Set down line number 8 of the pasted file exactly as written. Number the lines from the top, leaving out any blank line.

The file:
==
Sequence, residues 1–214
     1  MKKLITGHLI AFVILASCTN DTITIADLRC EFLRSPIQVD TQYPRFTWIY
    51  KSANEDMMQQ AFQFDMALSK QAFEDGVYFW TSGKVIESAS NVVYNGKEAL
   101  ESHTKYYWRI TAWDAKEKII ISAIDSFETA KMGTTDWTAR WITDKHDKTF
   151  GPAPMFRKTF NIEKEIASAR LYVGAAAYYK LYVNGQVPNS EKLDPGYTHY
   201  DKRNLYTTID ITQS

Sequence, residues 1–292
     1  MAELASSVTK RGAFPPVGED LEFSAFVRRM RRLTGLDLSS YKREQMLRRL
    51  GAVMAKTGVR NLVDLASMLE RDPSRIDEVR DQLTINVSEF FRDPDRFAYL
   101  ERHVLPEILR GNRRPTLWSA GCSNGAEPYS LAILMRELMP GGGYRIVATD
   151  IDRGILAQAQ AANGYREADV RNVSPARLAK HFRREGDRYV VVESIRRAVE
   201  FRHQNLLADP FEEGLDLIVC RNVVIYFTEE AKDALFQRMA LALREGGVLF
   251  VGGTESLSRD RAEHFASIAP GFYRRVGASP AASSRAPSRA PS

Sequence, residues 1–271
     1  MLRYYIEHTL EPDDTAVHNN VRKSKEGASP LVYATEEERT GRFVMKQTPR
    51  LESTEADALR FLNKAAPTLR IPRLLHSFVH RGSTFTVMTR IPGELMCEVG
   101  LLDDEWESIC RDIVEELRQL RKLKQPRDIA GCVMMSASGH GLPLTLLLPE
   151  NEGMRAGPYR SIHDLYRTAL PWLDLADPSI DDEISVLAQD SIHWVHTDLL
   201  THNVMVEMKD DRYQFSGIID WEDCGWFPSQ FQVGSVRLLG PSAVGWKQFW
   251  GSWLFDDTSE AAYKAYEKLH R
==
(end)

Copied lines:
     1  MAELASSVTK RGAFPPVGED LEFSAFVRRM RRLTGLDLSS YKREQMLRRL